This thesis investigates a particular word order phenomenon in German, the occurrence of discontinuous NPs (which we refer to as the NP-PP split construction) in order to probe the division of labor between the syntactic analysis and lexical as well as discourse constraints on this construction. We argue that many of the factors which previous literature has tried to explain in terms of syntactic restrictions on movement are in fact derivable from discourse factors.
Building on the empirical characteristics of the NP-PP split construction investigated in part one of the thesis, in part two we investigate two main questions, one concerned with the proper syntactic analysis of the construction, the other with the integration of such a syntactic analysis with an approach to the lexical and contextual factors involved.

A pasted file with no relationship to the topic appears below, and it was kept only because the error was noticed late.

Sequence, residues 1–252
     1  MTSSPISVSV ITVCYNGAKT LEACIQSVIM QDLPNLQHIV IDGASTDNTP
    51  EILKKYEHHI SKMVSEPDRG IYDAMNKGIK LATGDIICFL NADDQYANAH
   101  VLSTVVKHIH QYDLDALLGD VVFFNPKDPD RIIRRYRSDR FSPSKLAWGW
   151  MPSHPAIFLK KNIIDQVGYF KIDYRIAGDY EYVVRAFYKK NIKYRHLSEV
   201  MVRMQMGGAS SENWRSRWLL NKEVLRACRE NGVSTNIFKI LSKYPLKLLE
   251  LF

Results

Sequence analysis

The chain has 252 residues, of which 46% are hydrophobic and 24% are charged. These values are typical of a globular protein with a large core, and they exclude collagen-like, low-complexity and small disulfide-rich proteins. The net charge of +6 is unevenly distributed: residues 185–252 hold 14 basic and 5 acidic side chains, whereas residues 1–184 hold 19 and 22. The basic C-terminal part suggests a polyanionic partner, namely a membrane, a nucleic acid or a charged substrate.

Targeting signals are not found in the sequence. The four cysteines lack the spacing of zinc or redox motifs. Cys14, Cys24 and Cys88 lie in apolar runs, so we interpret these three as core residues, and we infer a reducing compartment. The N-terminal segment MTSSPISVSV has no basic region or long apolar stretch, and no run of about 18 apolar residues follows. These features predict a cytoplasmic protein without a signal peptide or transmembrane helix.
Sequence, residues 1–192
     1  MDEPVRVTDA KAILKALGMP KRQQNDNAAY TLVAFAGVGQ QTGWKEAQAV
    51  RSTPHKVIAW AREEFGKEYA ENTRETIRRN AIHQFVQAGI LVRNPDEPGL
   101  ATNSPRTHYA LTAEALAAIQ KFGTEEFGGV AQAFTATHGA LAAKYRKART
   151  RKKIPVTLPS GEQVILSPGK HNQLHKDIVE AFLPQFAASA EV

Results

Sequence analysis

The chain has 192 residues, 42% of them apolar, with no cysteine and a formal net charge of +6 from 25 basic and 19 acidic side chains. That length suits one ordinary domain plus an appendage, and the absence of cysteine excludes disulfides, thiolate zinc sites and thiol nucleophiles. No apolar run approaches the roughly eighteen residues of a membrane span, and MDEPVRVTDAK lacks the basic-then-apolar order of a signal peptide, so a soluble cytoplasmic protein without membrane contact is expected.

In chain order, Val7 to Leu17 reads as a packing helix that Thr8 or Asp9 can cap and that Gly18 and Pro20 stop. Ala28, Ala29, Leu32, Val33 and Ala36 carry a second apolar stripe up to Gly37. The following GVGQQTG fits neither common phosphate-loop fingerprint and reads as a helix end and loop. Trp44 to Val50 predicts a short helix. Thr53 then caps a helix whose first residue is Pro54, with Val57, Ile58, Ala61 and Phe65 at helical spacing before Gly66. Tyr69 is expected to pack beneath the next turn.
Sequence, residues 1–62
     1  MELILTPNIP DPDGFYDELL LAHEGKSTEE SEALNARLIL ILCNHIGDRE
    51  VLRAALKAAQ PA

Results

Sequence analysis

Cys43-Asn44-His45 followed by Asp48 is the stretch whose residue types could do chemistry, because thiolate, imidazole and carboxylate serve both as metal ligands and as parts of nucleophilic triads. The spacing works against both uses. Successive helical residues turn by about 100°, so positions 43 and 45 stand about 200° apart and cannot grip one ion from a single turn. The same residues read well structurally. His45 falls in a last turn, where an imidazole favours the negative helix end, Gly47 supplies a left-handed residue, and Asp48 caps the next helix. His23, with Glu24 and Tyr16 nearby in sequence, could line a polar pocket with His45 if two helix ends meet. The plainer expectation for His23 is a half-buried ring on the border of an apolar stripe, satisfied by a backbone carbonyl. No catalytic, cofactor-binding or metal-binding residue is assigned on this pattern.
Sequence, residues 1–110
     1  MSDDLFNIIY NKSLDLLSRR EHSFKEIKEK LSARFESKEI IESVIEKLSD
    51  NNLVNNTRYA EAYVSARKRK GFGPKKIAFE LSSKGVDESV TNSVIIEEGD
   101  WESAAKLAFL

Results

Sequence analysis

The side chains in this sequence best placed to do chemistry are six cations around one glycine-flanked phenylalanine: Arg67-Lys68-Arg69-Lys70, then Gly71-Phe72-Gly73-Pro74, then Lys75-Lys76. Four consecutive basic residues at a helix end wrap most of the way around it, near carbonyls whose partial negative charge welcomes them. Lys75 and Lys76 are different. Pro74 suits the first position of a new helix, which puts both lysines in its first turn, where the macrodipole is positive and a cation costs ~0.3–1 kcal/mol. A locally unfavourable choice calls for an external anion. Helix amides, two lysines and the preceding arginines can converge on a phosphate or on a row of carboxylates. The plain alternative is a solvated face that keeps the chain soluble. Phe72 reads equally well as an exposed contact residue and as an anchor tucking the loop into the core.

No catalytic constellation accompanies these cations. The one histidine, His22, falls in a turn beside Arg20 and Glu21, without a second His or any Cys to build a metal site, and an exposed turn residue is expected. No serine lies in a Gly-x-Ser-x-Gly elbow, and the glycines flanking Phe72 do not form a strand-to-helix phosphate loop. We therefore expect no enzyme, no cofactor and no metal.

Starting with the syntactic analysis of NP-PP split, we reevaluate the empirical basis of the choice between the two syntactic analysis ideas proposed in the literature, extraction and reanalysis, and provide an explicit theory licensing reanalysis-like structures for NP-PP split within the framework of Head-Driven Phrase Structure Grammar (HPSG). Regarding the lexical-semantic effects observable for the NP-PP split construction, we show how an account based on the generative lexicon can be integrated into our syntactic HPSG analysis. Finally, in order to find an explanation for the context effects that show up with the construction, we explore the possible focus-background structures of NP-PP split constructions. The empirical insights from this investigation of discourse requirements are then integrated into our account of NP-PP split by developing an information-structure component for our HPSG fragment of German. Since this information structure component accounts for some of the restrictions traditionally viewed as part of syntax, this thesis can be understood as arguing for a more equal division of labor between syntax theory and a theory of discourse, which has been unevenly balanced as a result of the significant advances in syntactic theorizing in the generative enterprise.